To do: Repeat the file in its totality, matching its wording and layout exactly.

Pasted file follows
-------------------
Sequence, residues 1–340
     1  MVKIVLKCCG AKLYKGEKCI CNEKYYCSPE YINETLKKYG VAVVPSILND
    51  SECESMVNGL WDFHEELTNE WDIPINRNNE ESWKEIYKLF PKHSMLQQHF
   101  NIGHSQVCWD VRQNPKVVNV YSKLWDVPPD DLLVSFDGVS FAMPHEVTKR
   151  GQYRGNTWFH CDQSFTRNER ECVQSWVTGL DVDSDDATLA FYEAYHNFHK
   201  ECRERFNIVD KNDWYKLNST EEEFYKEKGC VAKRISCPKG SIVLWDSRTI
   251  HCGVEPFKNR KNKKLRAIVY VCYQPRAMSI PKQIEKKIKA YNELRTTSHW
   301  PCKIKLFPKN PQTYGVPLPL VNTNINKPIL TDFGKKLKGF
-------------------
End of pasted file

Sequence, residues 1–340
     1  MVKIVLKCCG AKLYKGEKCI CNEKYYCSPE YINETLKKYG VAVVPSILND
    51  SECESMVNGL WDFHEELTNE WDIPINRNNE ESWKEIYKLF PKHSMLQQHF
   101  NIGHSQVCWD VRQNPKVVNV YSKLWDVPPD DLLVSFDGVS FAMPHEVTKR
   151  GQYRGNTWFH CDQSFTRNER ECVQSWVTGL DVDSDDATLA FYEAYHNFHK
   201  ECRERFNIVD KNDWYKLNST EEEFYKEKGC VAKRISCPKG SIVLWDSRTI
   251  HCGVEPFKNR KNKKLRAIVY VCYQPRAMSI PKQIEKKIKA YNELRTTSHW
   301  PCKIKLFPKN PQTYGVPLPL VNTNINKPIL TDFGKKLKGF